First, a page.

7 cultural no-gos you need to know when living in Germany
Published on October 21, 2019 / Updated by Angéline Gras-Kresse on December 20, 2023
In every culture, there are things that every local takes for granted, but newcomers find bewildering. It’s hard to know ahead of time what you’re going to run into, but here’s a list of no-gos you need to know when living in Germany!
Nearly everywhere else we politely ignore each other: on buses, in cafés, in the public washroom. However, it all changes when you enter a doctor’s waiting room. Now, you’re expected to say ‘Morgen’ or ‘Guten Tag’ upon entering, and ‘Tschüss’ on leaving. Not absolutely everyone follows this rule, but you will never be seen as strange for doing it.
There are strong opinions about air circulation in Germany, and it just takes sharing a meeting room or an apartment with a local to learn this one fast. It is critical to air out your living or working space by opening the window for 15-20 minutes for ‘Luft’. However, a draught, ‘Zug’ or ‘Luftzug’, somehow is different and will give you unspecified illnesses. I say unspecified, but the person complaining about it will probably be specific. At length. And you’re taking your life in your hands if you choose to open a window on the bus or tram.
Related to the danger of draughts is the effect of moving coolish air on your neck or ankles. I would say this isn’t so much that local Germans don’t do this – people do. But you will receive tutting and comments from older folks for sure. Anywhere from late September into early May means scarf and socks weather. To do otherwise is to invite illness. Obviously.
Depending on where you come from, the state of recycling here might be a bit of a shock. Where I lived in Canada required a similar level of sorting, but many Americans I’ve met seem completely taken by surprise. I will say that the vigilance of your ‘Nachbarn’, your neighbours, on what goes in each bin is intense. My Hausmeister will stand and watch me tear the cardboard going in the Papier bin, and comment on the appropriateness of the size.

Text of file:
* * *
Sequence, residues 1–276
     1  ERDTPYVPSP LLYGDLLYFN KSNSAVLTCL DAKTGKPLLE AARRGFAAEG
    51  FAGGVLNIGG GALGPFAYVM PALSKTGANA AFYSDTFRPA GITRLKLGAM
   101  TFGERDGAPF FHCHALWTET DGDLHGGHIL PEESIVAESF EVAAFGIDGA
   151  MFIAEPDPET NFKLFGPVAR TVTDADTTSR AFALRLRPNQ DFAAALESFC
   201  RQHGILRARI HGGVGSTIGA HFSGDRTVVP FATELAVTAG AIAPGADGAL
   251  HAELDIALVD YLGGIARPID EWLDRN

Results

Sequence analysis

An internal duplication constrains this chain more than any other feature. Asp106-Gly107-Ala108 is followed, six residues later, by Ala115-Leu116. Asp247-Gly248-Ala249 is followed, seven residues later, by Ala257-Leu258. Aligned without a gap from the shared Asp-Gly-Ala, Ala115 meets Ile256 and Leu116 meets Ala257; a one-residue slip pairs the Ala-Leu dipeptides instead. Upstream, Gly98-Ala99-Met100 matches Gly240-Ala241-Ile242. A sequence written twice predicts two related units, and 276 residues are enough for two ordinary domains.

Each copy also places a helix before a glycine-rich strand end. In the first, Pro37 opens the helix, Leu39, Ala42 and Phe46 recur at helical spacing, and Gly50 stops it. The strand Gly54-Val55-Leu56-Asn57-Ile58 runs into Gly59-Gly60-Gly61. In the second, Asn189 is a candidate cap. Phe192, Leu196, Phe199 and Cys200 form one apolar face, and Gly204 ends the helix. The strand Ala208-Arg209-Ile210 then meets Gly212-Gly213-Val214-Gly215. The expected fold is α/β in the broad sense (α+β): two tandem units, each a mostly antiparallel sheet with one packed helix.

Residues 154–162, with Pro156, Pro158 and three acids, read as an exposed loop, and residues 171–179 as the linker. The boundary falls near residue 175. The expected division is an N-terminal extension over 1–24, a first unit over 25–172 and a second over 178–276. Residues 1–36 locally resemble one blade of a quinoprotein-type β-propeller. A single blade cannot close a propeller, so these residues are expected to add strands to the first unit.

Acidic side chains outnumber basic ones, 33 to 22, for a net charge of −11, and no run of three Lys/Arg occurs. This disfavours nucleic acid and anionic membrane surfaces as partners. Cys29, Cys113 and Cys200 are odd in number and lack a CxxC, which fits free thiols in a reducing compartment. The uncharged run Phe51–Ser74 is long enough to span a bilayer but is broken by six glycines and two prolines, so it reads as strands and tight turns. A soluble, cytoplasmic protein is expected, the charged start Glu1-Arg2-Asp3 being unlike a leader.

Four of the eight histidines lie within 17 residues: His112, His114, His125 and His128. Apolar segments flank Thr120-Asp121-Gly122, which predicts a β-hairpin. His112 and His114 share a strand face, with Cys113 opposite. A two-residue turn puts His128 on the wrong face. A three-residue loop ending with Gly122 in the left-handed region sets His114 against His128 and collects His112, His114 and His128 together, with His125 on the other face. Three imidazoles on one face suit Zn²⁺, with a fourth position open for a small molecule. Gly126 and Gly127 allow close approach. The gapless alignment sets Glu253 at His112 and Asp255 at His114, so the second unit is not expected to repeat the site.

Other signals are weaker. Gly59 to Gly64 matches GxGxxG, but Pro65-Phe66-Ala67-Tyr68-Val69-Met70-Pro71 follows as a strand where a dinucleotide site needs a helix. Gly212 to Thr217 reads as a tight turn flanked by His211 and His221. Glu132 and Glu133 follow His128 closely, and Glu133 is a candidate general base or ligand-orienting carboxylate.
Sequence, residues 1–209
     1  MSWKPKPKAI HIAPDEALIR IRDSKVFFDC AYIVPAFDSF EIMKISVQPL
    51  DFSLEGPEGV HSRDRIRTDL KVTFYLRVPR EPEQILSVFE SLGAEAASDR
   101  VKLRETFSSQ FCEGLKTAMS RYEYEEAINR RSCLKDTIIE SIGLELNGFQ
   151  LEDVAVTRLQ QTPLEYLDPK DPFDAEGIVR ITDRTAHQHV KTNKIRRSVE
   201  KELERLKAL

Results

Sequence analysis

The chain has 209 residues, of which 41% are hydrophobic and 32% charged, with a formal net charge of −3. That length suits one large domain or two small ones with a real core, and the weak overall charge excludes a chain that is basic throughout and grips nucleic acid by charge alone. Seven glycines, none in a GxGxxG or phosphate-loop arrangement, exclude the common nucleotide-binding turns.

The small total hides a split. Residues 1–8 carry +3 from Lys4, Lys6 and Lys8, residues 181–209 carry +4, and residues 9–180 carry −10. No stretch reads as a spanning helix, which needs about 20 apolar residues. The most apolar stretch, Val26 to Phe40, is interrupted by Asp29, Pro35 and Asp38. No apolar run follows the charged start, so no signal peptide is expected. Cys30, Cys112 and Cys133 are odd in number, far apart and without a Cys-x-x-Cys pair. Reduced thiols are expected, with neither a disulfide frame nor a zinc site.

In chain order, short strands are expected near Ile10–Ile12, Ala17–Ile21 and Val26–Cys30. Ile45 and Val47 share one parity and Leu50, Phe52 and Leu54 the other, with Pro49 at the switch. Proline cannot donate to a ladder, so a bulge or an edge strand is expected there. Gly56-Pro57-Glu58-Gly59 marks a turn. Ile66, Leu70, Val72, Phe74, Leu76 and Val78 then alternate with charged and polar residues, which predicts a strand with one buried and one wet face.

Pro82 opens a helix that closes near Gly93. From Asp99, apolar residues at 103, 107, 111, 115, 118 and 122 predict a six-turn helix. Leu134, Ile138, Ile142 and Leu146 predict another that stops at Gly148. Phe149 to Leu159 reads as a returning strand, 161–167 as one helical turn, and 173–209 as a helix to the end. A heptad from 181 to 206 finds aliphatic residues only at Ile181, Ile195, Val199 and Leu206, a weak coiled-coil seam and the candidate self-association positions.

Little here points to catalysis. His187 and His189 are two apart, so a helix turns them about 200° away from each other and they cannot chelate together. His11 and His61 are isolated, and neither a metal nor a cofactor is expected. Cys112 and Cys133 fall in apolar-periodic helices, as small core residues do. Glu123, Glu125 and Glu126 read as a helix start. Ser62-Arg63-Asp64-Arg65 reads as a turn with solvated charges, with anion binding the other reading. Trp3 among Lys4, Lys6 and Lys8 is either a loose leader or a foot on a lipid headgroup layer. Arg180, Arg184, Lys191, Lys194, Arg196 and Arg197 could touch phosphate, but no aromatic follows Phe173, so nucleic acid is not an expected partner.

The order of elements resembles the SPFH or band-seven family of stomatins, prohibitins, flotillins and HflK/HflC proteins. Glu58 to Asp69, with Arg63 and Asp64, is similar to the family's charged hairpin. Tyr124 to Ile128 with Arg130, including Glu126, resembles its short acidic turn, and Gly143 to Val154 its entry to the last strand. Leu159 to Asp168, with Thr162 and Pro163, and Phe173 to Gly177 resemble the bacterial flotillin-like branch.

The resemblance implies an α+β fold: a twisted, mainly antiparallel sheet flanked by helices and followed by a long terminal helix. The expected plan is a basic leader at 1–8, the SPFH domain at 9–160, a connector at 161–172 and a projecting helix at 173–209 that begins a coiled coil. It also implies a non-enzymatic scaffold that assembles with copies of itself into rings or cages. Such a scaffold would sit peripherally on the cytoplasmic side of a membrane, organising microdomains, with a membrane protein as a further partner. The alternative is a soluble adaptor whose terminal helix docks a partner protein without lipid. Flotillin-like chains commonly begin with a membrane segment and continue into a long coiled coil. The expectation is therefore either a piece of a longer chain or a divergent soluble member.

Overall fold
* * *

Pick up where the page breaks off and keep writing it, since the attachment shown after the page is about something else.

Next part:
This one is one of the most important no-gos in Germany. In the same vein of public shaming, crossing against the pedestrian light will invite people to shout at you, particularly if there are ‘Kinder’ about. The idea is a child will see you cross against the signal and think it’s okay for them to do too – with possibly tragic results. This belief is a strongly held one, so it’s best to just behave yourself.
You would think that on your birthday, someone else would be in charge of bringing the sweets, but not in Germany. If you work in an office situation, it’s expected that you bring your own ‘Kuchen’ for your birthday day. That’s why you see so many people on their way to work with various ‘Tortenbehälter’ carrying their special treats. If you go out with your friends on your birthday, you have to pick up the tab too!
This is a superstition that will cause a German to wince every time. To wish someone ‘Alles gute zum Geburtstag’ before the official day is very bad luck, and I have yet to meet a German who can ignore this one. So it’s better to be a day late than a day early.
I’m sure your fellow German-learning classmates have experienced at least a few of these. Helpfully, Lingoda lessons often involve a bit of cultural learning too. Now where is my scarf…